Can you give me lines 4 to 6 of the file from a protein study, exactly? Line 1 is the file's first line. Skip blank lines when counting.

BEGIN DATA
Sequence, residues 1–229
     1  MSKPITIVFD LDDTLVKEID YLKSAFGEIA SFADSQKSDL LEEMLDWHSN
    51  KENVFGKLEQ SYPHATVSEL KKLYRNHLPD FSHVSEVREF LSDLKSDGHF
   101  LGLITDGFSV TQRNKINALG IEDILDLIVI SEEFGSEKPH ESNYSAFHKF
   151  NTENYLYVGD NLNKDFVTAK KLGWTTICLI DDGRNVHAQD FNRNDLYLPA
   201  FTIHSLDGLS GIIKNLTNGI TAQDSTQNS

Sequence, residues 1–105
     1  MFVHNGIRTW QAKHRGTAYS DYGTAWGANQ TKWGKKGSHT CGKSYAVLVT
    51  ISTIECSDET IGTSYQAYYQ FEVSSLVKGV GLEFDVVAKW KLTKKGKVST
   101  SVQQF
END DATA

   101  LGLITDGFSV TQRNKINALG IEDILDLIVI SEEFGSEKPH ESNYSAFHKF
   151  NTENYLYVGD NLNKDFVTAK KLGWTTICLI DDGRNVHAQD FNRNDLYLPA
   201  FTIHSLDGLS GIIKNLTNGI TAQDSTQNS